US v. Vincent Frayer, No. 18-4228 (4th Cir. 2018)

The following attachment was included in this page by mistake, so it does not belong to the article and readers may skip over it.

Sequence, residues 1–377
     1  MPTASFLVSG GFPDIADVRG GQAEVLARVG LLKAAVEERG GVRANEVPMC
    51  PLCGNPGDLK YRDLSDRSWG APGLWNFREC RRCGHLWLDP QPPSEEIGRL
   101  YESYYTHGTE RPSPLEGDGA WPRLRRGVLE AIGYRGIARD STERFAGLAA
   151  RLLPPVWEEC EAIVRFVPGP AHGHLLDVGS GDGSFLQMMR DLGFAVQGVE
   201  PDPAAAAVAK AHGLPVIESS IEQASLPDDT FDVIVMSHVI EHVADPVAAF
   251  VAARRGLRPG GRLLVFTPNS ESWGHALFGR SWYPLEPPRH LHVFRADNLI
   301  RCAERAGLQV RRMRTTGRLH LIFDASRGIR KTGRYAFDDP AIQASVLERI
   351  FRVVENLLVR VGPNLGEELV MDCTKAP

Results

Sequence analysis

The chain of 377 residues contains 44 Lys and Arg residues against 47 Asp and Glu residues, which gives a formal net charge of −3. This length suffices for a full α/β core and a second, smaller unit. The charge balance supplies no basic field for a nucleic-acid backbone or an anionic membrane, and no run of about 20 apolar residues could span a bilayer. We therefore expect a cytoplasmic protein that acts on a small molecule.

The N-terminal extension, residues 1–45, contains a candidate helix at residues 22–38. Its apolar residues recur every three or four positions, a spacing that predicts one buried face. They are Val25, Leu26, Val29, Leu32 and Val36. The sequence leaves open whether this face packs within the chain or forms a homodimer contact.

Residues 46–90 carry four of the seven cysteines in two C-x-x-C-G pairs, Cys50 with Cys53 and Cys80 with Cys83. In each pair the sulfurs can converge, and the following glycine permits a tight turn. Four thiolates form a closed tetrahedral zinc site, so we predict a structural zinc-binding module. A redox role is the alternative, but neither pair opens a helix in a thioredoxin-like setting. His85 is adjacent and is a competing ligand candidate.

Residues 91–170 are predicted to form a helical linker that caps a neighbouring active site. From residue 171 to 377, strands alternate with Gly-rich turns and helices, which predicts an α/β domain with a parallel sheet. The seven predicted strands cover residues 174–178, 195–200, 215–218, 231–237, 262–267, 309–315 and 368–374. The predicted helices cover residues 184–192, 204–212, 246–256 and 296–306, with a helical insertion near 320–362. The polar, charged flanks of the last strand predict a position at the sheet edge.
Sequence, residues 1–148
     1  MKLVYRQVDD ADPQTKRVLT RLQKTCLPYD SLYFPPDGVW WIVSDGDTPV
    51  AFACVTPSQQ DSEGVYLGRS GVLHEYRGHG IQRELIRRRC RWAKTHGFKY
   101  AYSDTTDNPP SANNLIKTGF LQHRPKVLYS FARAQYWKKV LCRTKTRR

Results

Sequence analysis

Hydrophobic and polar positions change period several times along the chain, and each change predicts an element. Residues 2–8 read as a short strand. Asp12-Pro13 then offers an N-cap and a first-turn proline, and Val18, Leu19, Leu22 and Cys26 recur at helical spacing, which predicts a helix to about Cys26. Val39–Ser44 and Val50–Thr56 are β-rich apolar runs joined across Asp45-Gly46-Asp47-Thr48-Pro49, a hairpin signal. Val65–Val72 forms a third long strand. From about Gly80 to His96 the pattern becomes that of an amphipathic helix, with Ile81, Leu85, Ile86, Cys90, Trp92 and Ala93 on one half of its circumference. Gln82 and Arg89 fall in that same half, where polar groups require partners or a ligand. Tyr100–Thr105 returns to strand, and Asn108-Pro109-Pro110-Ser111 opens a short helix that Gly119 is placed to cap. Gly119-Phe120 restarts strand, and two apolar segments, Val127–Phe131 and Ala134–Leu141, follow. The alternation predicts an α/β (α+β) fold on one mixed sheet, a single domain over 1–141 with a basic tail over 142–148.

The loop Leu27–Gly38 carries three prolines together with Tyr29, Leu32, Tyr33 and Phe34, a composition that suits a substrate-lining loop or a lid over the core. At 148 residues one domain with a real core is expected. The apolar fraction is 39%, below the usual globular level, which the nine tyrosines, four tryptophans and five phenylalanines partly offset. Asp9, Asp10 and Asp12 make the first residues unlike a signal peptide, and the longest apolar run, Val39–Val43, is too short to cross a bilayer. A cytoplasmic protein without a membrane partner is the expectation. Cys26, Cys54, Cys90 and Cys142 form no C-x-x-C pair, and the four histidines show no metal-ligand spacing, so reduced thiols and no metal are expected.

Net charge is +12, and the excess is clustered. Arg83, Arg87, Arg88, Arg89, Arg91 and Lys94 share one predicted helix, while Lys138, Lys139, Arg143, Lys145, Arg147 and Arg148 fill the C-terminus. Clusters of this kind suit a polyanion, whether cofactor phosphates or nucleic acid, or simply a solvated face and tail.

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UNPUBLISHED UNITED STATES COURT OF APPEALS FOR THE FOURTH CIRCUIT No. 18-4228 UNITED STATES OF AMERICA, Plaintiff - Appellee, v. VINCENT FRAYER, Defendant - Appellant. Appeal from the United States District Court for the District of South Carolina, at Charleston. David C. Norton, District Judge. (2:17-cr-00019-DCN-1) Submitted: October 19, 2018 Decided: October 24, 2018 Before AGEE and FLOYD, Circuit Judges, and TRAXLER, Senior Circuit Judge. Affirmed by unpublished per curiam opinion. Alicia Vachira Penn, Assistant Federal Public Defender, OFFICE OF THE FEDERAL PUBLIC DEFENDER, Charleston, South Carolina, for Appellant. Sean Kittrell, Assistant United States Attorney, OFFICE OF THE UNITED STATES ATTORNEY, Charleston, South Carolina, for Appellee. Unpublished opinions are not binding precedent in this circuit. PER CURIAM: Vincent Frayer appeals his sentence at the bottom of his Guidelines range after he pled guilty to two counts of possession with intent to distribute and distribution of heroin and being a felon in possession of a firearm. On appeal, Frayer’s attorney has filed a brief pursuant to Anders v. California, 386 U.S. 738 (1967), asserting that there are no meritorious grounds for appeal but raising the issue of whether the district court abused its discretion in sentencing him to 188 months in prison. Frayer has filed a pro se supplemental brief raising the issue of whether his counsel was ineffective. ∗ We affirm. We review a criminal sentence under a deferential abuse-of-discretion standard, looking first to whether the district court committed a significant procedural error. Gall v. United States, 552 U.S. 38, 41, 51 (2007); United States v. Blue, 877 F.3d 513, 517 (4th Cir. 2017). “A district court must provide a sufficient explanation of its rationale to enable review, and must place on the record an individualized assessment based on the particular facts of the case before it.” United States v. Shephard, 892 F.3d 666, 672 (4th Cir. 2018) (internal quotation marks and citations omitted). If the sentence is procedurally sound, we consider its substantive reasonableness. Blue, 877 F.3d at 517. “A within-Guidelines range sentence is presumptively reasonable.” United States v. White, 850 F.3d 667, 674 (4th Cir.), cert. denied, 137 S. Ct. 2252 (2017). “A defendant can only rebut the presumption by demonstrating that the sentence is unreasonable when ∗ Frayer also questions whether his appeal waiver was knowing and voluntary. Since the Government does not seek to enforce the waiver, we need not decide this issue. 2 measured against the [18 U.S.C.] § 3553(a) factors.” United States v. Aplicano-Oyuela, 792 F.3d 416, 425 (4th Cir. 2015) (internal quotation marks and citation omitted). We will not consider a claim of ineffective assistance of counsel on direct appeal “[u]nless an attorney’s ineffectiveness conclusively appears on the face of the record.” United States v. Faulls, 821 F.3d 502, 507-08 (4th Cir. 2016) (citation omitted). We have reviewed the record and conclude that the district court did not err or abuse its discretion in sentencing Frayer at the bottom of his Guidelines range to 188 months in prison. The sentence was both procedurally and substantively reasonable. We further conclude that no ineffective assistance of counsel conclusively appears on the face of the record, and we therefore decline to consider this issue on direct appeal. In accordance with Anders, we have reviewed the record and have found no meritorious issues for appeal. We therefore affirm the district court’s judgment. This court requires that counsel inform his or her client, in writing, of his or her right to petition the Supreme Court of the United States for further review. If the client requests that a petition be filed, but counsel believes that such a petition would be frivolous, then counsel may move in this court for leave to withdraw from representation. Counsel’s motion must state that a copy thereof was served on the client. We dispense with oral argument because the facts and legal contentions are adequately presented in the materials before the court and argument would not aid the decisional process. AFFIRMED 3